What employers would be covered by the proposed ordinance?
- Retail employers and large limited or quick food service employers with 500 or more employees worldwide; and
- Full-service restaurants with 500 or more employees and 40 or more locations worldwide.
What employees would be covered by the proposed ordinance?
- Hourly, non-exempt employees who work at least 50% of the time within the City of Seattle.
The NLRB recently reversed course again to allow temporary employees provided by a staffing agency to join regular employees in a single bargaining unit without the consent of the employer or the staffing agency. Miller & Anderson, Inc., 364 NLRB No. 39 (2016).
The Board Flip Flops
Historically, unions seeking to organize employees directly employed by an employer (called a “user employer” by the Board) alongside temporary employees provided by a staffing agency (“provided employees”) in a single bargaining unit were required to obtain consent of both the user employer and the staffing agency.
In 2000, however, the Clinton Board overturned that rule to eliminate the consent requirement, allowing employees to form one bargaining unit as long as they shared a community of interest and the employer and the staffing agency were considered “joint employers.” M. B. Sturgis, Inc., 331 NLRB 1298 (2000). Four years later, the Bush II Board decided Oakwood Care Center, 343 NLRB 659 (2004), and overturned the Board’s decision in Sturgis to again require consent. Continue Reading
As previously reported, OSHA’s latest revisions for covered employers will dramatically impact routine post-accident drug testing programs. The new rules are available for review here, but here’s what you need to know:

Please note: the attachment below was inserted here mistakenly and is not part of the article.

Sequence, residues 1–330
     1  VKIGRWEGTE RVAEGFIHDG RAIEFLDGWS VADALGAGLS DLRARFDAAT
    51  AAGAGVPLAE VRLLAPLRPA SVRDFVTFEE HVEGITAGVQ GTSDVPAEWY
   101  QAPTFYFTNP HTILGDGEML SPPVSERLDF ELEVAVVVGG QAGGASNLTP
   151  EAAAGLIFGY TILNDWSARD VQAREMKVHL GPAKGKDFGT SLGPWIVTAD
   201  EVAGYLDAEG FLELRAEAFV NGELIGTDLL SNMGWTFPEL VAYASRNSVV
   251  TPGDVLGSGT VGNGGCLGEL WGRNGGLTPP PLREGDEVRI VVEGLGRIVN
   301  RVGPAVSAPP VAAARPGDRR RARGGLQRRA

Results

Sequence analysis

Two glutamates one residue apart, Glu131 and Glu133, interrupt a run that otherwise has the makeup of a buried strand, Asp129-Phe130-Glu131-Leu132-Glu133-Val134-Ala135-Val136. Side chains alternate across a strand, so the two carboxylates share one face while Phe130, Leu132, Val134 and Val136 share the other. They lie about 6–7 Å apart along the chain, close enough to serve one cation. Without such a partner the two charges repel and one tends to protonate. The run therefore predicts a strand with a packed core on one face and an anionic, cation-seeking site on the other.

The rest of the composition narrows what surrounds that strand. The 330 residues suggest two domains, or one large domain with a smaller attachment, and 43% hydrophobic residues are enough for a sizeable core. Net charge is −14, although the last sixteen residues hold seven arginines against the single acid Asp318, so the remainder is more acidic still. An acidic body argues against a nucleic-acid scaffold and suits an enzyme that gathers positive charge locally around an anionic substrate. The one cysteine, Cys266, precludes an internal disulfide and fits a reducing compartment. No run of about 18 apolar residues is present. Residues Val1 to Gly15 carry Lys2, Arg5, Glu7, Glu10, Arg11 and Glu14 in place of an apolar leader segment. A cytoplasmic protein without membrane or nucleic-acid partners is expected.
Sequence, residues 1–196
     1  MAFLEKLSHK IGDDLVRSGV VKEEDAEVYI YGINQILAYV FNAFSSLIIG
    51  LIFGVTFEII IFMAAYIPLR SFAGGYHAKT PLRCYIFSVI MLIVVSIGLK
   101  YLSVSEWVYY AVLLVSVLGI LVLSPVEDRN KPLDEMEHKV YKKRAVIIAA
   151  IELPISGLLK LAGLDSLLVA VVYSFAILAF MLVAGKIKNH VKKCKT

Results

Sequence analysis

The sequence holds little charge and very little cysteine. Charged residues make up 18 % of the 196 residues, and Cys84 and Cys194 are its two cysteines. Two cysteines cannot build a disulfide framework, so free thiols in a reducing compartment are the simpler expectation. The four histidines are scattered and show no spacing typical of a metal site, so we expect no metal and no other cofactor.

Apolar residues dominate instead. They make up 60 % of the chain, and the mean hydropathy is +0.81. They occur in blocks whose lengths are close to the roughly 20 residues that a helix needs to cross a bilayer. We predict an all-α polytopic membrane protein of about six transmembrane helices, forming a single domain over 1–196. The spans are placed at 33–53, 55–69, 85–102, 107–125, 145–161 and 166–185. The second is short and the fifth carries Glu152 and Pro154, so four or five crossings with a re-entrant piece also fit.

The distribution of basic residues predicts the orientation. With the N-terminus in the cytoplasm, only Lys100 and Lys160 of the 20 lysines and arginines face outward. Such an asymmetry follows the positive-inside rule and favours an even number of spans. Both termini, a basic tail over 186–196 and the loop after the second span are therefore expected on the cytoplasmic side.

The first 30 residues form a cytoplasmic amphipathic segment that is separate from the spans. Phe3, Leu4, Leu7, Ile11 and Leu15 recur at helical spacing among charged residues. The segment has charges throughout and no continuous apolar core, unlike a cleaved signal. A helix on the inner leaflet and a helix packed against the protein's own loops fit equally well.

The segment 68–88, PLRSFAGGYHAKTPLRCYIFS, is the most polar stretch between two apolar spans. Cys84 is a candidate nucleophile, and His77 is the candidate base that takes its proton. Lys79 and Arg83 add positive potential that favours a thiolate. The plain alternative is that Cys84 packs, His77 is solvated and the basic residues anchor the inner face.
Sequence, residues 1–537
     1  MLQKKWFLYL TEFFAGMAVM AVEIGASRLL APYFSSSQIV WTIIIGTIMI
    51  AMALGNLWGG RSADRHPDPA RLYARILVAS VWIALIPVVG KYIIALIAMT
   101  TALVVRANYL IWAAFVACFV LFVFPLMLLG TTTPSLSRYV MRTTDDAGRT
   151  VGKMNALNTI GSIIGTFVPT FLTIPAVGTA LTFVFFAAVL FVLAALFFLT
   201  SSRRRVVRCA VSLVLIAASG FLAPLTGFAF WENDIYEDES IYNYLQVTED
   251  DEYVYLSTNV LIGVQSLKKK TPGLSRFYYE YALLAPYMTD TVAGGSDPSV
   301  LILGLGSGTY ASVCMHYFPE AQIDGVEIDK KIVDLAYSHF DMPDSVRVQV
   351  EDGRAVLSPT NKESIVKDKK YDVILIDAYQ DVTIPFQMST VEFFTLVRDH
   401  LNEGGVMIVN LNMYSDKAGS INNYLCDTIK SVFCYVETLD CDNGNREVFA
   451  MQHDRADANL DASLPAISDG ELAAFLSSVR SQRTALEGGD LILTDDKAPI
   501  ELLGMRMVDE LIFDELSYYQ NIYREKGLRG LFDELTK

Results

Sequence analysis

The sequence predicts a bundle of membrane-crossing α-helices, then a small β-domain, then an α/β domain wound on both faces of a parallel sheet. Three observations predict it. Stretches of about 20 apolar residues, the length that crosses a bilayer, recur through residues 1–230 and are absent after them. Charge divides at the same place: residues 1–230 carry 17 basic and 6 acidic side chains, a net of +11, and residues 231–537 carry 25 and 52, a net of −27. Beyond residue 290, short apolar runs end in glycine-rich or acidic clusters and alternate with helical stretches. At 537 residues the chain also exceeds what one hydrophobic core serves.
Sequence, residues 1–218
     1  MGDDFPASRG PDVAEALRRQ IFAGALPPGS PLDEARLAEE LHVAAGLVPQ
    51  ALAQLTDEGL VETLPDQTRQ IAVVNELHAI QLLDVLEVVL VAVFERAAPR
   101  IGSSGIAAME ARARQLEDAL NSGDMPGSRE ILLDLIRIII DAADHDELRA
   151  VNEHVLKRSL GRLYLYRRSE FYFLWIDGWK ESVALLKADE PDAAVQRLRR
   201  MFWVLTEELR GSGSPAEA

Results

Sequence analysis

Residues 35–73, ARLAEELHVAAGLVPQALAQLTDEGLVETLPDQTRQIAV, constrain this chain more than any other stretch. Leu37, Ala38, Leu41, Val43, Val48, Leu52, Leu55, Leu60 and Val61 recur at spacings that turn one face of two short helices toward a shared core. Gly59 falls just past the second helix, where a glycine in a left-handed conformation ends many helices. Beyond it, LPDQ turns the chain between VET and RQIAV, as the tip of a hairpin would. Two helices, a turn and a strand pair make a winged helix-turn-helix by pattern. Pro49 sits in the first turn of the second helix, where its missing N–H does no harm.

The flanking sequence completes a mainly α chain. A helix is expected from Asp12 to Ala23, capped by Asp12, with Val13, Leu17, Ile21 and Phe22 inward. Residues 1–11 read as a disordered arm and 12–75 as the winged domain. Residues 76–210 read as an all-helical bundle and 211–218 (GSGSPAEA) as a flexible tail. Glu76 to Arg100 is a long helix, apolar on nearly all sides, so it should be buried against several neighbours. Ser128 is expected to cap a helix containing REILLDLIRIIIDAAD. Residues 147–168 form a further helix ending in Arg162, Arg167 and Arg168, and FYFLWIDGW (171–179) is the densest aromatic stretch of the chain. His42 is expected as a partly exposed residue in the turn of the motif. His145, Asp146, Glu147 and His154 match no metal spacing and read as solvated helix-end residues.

- OSHA Postponed Enforcement. OSHA just delayed the date on which it will begin enforcing these new requirements. OSHA’s memo postponing enforcement is available here. Now, OSHA will not begin enforcing the new regulation until November 1, 2016.
- Motivation for Change is Unclear. This delay may not be driven by OSHA’s concerns about employers struggling to assess the rules’ impact on wide-spread drug testing regimes. Rather, employer associations have already sued OSHA, in particular challenging the “retaliation” provisions in the new rules that give rise to the threats to routine drug testing programs. These plaintiffs have sought a preliminary injunction against the Department’s new rule, found here, largely predicated on the original August 10 enforcement date. Given the Department’s recent track record before the federal courts, (see a recent preliminary injunction against the Department here), the delay in enforcement may well be designed to allow the Department additional time to fight the attempt to enjoin the new rule.
- Who Does this Concern? OSHA’s new regulations are not applicable to most private sector employers in states such as Alaska, California, Minnesota, Oregon, Utah or Washington that have adopted their own state workplace safety plans. While the state plans must be ‘at least as effective’ as OSHA’s rules, many of the state plan states have their own reporting requirements.
- Timeframe. As we saw when OSHA last changed its reporting requirements in 2014, as can be seen here, for those states with their own workplace safety plans it sometimes takes months (or years) to respond to changes in OSHA’s regulations. Employers outside those states, which are directly regulated by OSHA, now have until at least November 1 to prepare.